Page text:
50 First Dates review by Mike Long

Being able to laugh in the face of adversity is a very positive trait and there are many who appreciate someone who can bring a sense of humor to a stressful situation. In the past few years, we've many comedic films which evoked laughs from potentially distressing or depressing topics, but I'm not sure that I ever expected this from perennial class-clown Adam Sandler, whose past films have rarely ventured anywhere near reality. But with 50 First Dates Sandler and his stable of familiar faces tackle the subject of brain damage and attempt to make a comedy resulting in a film that elicits some very uncomfortable laughter.

In 50 First Dates, Adam Sandler stars as Henry Roth, an Hawaiian veterinarian who works in an aquarium. When Henrys not at work, he likes to meet beautiful tourists and have brief, no strings attached flings with them. Henry feels that this pastime is harmless and has no urge to settle down with a local girl, as he plans to travel to Alaska to study walruses. All of this changes the day that Henry meets Lucy (Drew Barrymore) in a local diner. They strike up a conversation and Henry immediately finds himself drawn to this vivacious woman, and is delighted when they make plans to meet for breakfast again the next day. However, when Henry arrives for that meeting, Lucy doesnt recognize him. Henry soon learns that Lucy was involved in an auto accident and suffered brain trauma, resulting in a condition which prevents her from forming new memories. Thus, each day for Lucy is the day before the accident, and no matter how much fun she has with Henry, those memories will fade before they can be saved in her brain. Lucys dad (Blake Clark) and brother Doug (Sean Astin) care for her and shield her from learning the truth. They also discourage Henry from pursuing a relationship with Lucy, as it could never be normal. But Henry cant deny the feelings that he has for Lucy and is determined to make each day with her memorable.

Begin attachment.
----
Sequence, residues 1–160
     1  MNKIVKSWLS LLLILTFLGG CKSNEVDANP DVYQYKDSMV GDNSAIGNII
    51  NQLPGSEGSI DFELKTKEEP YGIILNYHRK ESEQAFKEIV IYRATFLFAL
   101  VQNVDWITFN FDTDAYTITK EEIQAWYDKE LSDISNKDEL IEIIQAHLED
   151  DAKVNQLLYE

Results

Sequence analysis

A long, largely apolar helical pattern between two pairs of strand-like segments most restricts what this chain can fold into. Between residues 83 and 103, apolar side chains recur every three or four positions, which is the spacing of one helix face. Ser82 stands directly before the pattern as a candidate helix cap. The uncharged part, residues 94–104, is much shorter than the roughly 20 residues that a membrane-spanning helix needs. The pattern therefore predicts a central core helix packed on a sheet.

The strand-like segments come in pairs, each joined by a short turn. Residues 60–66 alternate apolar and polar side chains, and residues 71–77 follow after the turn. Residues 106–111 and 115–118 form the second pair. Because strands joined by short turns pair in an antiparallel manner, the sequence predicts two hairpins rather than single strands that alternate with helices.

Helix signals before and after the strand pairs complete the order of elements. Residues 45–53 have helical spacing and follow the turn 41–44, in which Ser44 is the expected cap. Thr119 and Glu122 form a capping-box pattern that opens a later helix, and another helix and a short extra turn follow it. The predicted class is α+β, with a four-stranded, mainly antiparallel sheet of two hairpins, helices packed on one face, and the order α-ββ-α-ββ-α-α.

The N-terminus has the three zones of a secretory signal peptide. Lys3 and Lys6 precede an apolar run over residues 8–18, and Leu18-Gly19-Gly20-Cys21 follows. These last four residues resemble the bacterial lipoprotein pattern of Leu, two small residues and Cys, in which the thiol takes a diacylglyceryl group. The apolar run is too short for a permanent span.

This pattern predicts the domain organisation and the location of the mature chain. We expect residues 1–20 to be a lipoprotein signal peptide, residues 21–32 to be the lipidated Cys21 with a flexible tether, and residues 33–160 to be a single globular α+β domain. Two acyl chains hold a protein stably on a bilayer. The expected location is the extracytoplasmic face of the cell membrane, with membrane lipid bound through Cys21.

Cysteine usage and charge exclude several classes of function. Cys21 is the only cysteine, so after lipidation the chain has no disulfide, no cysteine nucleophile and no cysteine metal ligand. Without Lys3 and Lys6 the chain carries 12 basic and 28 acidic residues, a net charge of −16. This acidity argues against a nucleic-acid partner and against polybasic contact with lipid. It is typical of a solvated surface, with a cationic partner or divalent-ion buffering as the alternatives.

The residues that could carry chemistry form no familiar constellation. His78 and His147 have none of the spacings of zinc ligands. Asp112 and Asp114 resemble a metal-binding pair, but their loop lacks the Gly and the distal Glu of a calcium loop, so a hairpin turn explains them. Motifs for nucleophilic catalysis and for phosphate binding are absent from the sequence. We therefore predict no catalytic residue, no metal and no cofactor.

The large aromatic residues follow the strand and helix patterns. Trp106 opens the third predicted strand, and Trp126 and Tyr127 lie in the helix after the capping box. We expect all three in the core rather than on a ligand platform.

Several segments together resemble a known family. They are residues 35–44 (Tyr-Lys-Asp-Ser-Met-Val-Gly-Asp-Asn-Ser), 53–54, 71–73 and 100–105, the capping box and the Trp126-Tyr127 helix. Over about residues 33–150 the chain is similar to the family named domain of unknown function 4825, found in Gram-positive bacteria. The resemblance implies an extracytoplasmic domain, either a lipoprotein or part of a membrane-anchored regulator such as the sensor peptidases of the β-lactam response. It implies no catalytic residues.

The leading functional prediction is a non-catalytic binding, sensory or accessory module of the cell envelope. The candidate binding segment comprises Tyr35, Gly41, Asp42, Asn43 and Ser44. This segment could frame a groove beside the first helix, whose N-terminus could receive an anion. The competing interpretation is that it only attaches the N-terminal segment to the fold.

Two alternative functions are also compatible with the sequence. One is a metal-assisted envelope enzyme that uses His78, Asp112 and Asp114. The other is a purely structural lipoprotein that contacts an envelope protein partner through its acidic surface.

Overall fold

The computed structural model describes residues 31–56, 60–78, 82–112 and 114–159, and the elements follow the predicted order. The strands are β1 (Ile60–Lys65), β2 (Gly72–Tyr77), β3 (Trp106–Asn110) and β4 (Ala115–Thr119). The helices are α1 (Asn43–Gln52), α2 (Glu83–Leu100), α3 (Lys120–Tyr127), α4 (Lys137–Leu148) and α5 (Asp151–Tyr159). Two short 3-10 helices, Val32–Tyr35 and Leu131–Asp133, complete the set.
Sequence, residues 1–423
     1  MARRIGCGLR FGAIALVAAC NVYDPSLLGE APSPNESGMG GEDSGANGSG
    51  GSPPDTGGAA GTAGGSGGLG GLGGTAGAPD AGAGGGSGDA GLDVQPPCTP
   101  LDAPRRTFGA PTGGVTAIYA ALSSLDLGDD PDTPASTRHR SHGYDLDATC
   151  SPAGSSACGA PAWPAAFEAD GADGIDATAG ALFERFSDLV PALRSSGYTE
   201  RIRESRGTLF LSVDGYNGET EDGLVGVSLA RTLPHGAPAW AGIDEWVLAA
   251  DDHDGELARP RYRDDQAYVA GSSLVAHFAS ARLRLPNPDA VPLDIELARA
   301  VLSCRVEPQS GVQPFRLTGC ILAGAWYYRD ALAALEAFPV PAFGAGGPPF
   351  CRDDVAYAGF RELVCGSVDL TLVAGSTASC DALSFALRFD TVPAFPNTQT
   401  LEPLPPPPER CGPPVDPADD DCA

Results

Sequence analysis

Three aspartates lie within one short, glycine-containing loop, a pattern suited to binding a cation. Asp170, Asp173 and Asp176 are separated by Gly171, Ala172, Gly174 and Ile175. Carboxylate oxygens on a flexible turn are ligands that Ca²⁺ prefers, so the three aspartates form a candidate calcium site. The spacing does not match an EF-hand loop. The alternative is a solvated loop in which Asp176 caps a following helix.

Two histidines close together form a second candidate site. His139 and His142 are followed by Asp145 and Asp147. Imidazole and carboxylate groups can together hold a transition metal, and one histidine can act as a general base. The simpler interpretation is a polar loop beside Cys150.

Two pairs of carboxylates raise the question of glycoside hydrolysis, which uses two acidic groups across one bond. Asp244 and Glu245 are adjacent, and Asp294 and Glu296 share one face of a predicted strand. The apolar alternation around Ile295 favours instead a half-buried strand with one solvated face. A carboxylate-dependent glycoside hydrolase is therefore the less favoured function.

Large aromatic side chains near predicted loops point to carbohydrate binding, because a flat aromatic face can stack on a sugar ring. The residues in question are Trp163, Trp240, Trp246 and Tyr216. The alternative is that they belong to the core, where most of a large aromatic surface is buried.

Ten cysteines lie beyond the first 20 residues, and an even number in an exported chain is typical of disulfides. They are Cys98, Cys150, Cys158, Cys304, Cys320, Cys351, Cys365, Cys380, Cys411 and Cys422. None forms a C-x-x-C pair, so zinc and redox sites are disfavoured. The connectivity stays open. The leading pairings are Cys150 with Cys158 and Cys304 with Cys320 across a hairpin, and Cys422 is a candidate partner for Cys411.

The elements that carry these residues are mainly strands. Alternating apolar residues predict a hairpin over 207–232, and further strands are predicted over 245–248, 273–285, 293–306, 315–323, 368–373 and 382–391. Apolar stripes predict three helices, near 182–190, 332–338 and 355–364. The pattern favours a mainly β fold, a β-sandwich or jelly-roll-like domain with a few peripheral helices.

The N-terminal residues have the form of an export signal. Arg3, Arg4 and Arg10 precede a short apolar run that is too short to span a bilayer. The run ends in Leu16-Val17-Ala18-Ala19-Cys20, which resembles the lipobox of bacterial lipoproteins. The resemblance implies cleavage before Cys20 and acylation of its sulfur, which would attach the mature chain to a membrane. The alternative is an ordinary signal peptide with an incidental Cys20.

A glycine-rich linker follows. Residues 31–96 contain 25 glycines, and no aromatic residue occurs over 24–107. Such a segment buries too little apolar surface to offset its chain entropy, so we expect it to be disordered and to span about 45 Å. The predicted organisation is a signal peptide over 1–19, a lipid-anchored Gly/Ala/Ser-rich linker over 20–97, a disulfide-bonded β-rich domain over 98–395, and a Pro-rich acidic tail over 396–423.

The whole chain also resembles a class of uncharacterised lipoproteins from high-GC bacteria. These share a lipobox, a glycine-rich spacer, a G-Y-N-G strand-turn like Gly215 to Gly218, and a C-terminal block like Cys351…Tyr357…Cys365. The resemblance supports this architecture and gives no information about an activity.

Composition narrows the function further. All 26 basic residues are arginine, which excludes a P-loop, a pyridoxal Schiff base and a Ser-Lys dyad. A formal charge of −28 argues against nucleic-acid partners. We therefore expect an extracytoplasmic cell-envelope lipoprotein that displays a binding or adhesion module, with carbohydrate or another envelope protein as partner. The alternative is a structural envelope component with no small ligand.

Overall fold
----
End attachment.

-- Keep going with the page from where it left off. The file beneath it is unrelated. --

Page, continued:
I've been a fan of Adam Sandler's films since Billy Madison and I always look forward to his movies. Considering that The Wedding Singer is one of my favorite Sandler flicks (saw it in the theater 3 times!), I was excited about a re-teaming of Sandler and Drew Barrymore. But, 50 First Dates wasn't exactly the film that I expected. As Sandler's films have progressed, they've begun to balance a certain level of sincerity with the truly bizarre humor. (The animated Eight Crazy Nights is an exception to this trend.) But, 50 First Dates may have gone to far. True, the trademark Sandler humor is here (more on that in a moment), but the story concerning Lucy's medical condition goes from being serious to dramatic to melodramatic. The scenes depicting the lengths that her dad and brother go through to protect her from reality are actually heart-wrenching. And while no one in the film ever makes fun of Lucy or makes light of her condition (although there are some patients who are played for laughs), it still feels really odd to have brain damage be the focal point of a silly comedy.